The integrity of American Elections relies on the thousands and thousands of precincts that aggregate our votes. While this prevents mass tampering with totals, this also requires poll workers to follow important rules and work long days. With the pandemic, it is even more vital to include young people in the process. Much of this website is direct from the Louisiana Secretary of State page. Any comments I’ve included, like this one, are italicized.
Top Five Reasons to Be a Poll Worker
- You’ll work side by side with your neighbors and meet new people.
- You’ll play a vital role in the democratic process.
- Your community needs you. Louisiana must recruit thousands of poll workers this year for elections to run smoothly.
- It’s a great opportunity to help people, serve your community and have fun doing it.
And the number one reason to be a poll worker…
- You can get paid to do a good thing!
Get Paid to Serve Your Community
If you enjoy spending time with your neighbors and meeting new people, sign up to be a poll worker today!
Louisiana has been fortunate to have dedicated election poll workers who have served for years; however, we must recruit and train thousands of poll workers across the state every election year and you can help! Your local election officials can teach you everything you need to know to do the job.
You just need to meet a few requirements to be selected. You must:
- be a registered voter in Louisiana;
- be able to perform the essential duties of a commissioner as described in the Informational Pamphlet;
- attend a course of instruction; and
- not be a candidate in the election.
In addition, you may serve if you are at least 17 years of age and a high school senior, or if you are registered to vote in another state and are a student at an institution of higher learning. Trained poll workers can earn up to $200 an election, or $250 an election when serving in an administrative capacity. The job isn’t complicated, and anyone who has worked at the polls will tell you it’s one of the most rewarding ways you can help your community. Your community will thank you!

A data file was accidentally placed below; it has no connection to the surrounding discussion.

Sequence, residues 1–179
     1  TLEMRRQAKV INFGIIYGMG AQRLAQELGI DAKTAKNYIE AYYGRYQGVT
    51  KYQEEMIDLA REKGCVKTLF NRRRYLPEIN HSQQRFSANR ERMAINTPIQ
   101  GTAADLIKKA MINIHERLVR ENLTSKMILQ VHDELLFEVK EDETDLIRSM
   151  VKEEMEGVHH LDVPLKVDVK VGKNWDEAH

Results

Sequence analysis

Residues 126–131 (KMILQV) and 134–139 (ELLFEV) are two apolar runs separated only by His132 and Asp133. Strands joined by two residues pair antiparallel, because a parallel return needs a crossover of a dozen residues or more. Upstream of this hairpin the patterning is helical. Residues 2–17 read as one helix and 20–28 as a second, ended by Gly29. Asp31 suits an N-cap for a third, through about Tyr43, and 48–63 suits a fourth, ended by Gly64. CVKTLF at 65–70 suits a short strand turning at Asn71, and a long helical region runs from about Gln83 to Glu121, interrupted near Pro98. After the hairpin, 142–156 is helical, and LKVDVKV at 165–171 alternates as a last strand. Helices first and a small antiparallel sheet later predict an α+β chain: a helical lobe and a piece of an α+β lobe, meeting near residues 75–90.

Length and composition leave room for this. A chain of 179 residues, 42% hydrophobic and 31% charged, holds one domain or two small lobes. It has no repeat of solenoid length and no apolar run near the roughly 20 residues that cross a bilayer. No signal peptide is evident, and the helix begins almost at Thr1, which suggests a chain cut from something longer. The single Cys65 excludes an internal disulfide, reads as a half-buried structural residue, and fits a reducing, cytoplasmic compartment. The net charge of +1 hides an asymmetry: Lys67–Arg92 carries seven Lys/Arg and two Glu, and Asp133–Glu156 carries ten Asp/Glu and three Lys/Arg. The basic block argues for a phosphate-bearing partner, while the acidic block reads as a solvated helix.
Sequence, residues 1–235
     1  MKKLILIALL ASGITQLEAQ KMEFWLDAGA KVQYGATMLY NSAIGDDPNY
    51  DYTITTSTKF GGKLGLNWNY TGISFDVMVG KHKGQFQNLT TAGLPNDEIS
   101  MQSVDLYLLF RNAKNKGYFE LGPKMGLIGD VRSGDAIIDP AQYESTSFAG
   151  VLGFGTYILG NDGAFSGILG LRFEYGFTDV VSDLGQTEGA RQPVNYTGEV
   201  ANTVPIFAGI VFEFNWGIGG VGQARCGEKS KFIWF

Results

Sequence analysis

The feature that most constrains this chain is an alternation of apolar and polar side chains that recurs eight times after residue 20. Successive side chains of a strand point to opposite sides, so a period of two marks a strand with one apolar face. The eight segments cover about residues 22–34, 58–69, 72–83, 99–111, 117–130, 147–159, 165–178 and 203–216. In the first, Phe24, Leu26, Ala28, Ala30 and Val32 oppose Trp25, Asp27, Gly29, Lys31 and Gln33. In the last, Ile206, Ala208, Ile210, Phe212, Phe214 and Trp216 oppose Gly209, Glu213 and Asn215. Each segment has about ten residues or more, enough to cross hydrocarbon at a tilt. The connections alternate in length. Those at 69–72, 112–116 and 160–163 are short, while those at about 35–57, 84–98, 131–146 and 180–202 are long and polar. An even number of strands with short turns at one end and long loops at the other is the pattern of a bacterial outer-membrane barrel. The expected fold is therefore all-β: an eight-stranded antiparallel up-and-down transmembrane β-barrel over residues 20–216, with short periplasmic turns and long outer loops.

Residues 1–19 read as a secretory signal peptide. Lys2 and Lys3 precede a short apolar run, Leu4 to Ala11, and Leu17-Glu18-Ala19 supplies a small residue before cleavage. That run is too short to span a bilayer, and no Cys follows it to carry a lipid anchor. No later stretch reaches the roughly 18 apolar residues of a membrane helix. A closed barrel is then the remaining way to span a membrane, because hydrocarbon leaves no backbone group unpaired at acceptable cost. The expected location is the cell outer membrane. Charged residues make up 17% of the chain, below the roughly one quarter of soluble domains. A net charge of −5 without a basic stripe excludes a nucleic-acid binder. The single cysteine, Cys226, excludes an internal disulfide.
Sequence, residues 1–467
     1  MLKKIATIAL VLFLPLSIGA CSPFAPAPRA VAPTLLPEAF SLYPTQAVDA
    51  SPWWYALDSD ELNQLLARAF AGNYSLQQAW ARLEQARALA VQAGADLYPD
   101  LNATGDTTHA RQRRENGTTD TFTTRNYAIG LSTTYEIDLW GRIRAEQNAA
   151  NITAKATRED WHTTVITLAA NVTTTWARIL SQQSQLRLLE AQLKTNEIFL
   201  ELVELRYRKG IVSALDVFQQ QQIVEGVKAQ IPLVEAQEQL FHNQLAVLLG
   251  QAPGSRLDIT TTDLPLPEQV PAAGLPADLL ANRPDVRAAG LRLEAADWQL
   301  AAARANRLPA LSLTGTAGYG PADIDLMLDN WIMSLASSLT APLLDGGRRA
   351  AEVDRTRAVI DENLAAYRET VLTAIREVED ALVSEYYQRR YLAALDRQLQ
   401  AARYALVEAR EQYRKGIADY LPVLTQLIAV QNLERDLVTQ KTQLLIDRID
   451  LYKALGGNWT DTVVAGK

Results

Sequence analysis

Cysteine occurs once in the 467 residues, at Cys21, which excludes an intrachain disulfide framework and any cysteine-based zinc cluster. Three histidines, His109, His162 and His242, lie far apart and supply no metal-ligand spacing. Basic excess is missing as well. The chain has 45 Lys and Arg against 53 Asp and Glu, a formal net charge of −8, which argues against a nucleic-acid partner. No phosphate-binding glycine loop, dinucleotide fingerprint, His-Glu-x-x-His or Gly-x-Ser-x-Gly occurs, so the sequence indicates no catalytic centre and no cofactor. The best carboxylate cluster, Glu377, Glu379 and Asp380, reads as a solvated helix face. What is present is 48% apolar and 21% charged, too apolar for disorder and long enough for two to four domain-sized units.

It’s as easy as 1-2-3!
1. You’ll attend a short training class to learn how to be a poll worker. Then, you’re ready to go to work.
2 . On Election Day, you’ll help set up the polling place before your friends and neighbors arrive to vote.
3. Finally, you’ll check voters in at the polling place and allow them to cast their votes. Once the day is done, you and your fellow poll workers will close the polling place.
Apply today to pitch in at the polls!
To become a qualified poll commissioner, contact your parish clerk of court to enroll in a commissioner training school or print and complete the Poll Commissioner Application and send it to your parish Clerk of Court’s Office, or to the address below:
Secretary of State
Election Poll Worker Application
P.O. Box 94125
Baton Rouge, LA 70804-9125
My comment: In Orleans Parish, the Clerk of the Court is located at the famous Orleans Parish Criminal Court.
Election Day Training Video
My comment: If you’re curious about what it takes to be a poll worker, read the informational pamphlet here or watch the following videos.
View the series of videos below for use by clerks of court and commissioners.
2019 Election Day Training Video Part 1: Introduction
2019 Election Day Training Video Part 2: Verification
2019 Election Day Training Video Part 3: Pre-election Set Up
2019 Election Day Training Video Part 4: Election Day Voting
2019 Election Day Training Video Part 5: Closing the Polls
2019 Election Day Training Video Part 6: Provisional Voting
The Oath and Acknowledgement
My comment: These best explain what the work is all about.
I, ____________ do solemnly swear (or affirm) that I will support the Constitution and
Laws of the United States and the Constitution and Laws of this state and that I will faithfully and
impartially discharge and perform all the duties incumbent upon me as commissioner (-in-charge)
according to the best of my ability and understanding, so help me God.
I, _____________ acknowledge that state law prohibits the disclosure of confidential
voter information listed in the precinct register, which includes a voter’s day and month of birth,
mother’s maiden name, and if the voter is entitled to assistance in voting.
My final comment: It’s an early and long day for poll workers, but I think they order pizza for themselves on election day. The foundation of our democracy relies on the poll worker’s hard work and full stomach.